In India, floods which have been described as the worst this century have left in their wake destruction, famine, disease and millions of homeless people.
SV PAN Broken-down road bridge
SV Workmen moving girder
SV People crossing over makeshift bridge
CU PAN Broken bridge over river
SV PAN Flooded houses along riverside (2 shots)
SV PAN Rail line alongside river
SV & GV Washed away rail embankment (2 shots)
SV Refugees walking along washed-away rail
Script is copyright Reuters Limited. All rights reserved
Background: In India, floods which have been described as the worst this century have left in their wake destruction, famine, disease and millions of homeless people. Relief for out-lying areas has been hindered by cut communications.
SYNOPSIS: To aid the transport of relief supplies to remote areas of West Bengal the authorities have given a high priority to the restoration of vital road and rail links. This one, a road bridge at Jambaria in the Howrah district, is to be replaced by a new bridge nearby. This picture of damaged road and rail links is repeated throughout West Bengal, hindering refugees returning to their homes.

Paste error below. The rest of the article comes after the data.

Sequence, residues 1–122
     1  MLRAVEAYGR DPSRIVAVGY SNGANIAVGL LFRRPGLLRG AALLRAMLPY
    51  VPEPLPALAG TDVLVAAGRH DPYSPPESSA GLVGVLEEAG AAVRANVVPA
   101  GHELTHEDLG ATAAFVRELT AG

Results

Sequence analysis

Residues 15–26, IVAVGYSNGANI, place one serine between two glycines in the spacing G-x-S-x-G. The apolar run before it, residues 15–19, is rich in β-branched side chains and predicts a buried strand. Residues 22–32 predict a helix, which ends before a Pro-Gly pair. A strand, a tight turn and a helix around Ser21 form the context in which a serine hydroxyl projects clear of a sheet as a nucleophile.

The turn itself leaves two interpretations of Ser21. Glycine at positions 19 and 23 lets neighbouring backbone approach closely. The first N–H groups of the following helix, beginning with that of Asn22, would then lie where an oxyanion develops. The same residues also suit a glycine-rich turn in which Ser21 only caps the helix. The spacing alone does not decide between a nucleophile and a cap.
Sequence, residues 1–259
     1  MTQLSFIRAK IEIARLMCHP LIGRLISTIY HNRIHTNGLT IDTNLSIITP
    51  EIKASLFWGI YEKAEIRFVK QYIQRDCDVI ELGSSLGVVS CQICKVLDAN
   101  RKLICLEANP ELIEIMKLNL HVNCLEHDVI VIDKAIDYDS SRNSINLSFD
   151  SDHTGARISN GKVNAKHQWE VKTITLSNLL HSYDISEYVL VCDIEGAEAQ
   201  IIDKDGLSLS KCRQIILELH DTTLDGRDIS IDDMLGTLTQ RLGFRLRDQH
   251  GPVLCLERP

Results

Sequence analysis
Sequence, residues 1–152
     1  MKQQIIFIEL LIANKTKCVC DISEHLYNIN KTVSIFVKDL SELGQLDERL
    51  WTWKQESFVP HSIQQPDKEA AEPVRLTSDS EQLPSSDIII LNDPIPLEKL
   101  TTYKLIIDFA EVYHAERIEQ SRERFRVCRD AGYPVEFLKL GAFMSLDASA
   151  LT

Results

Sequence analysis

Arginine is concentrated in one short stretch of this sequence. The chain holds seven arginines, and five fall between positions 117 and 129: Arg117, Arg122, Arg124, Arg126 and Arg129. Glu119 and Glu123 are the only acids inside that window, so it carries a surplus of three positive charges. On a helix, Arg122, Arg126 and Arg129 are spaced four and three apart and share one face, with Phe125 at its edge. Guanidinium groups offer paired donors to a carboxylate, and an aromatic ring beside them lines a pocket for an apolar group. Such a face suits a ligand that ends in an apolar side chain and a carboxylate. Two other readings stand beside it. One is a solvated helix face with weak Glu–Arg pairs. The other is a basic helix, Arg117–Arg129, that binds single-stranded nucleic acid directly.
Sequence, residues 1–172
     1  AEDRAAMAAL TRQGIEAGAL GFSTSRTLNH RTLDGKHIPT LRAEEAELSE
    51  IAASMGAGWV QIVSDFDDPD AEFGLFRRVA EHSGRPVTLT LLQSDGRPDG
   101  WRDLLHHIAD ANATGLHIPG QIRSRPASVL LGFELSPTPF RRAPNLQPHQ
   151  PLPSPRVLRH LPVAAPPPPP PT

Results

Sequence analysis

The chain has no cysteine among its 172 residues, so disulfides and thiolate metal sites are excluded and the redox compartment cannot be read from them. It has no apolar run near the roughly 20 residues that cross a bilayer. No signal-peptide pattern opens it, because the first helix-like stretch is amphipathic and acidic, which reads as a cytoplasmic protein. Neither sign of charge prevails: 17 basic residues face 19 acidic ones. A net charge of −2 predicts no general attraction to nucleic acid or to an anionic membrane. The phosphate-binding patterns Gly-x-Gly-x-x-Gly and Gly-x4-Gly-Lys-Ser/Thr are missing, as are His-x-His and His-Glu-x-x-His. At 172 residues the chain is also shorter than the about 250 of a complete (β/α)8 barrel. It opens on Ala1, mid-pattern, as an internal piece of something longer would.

The breaches in one major highway were repaired for a period, allowing medical and building supplies and food to flow. But the route was again cut by a wash-out, and the free passage of supplies was further interrupted. Refugees making the difficult return journey to their homes find many of them still awash.
The second of two major flash floods cut rail links and caused suspension of all services. Trunk route trains diverted and the receding flood-waters revealed extensive undermining and wash-outs. Repairs were started, but the work was halted by a dispute over the employment of casual labour, leaving the railway still impassable.
The disruption of transport and communications is just one way in which normal life has been fractured for the flood-hit refugees of West Bengal.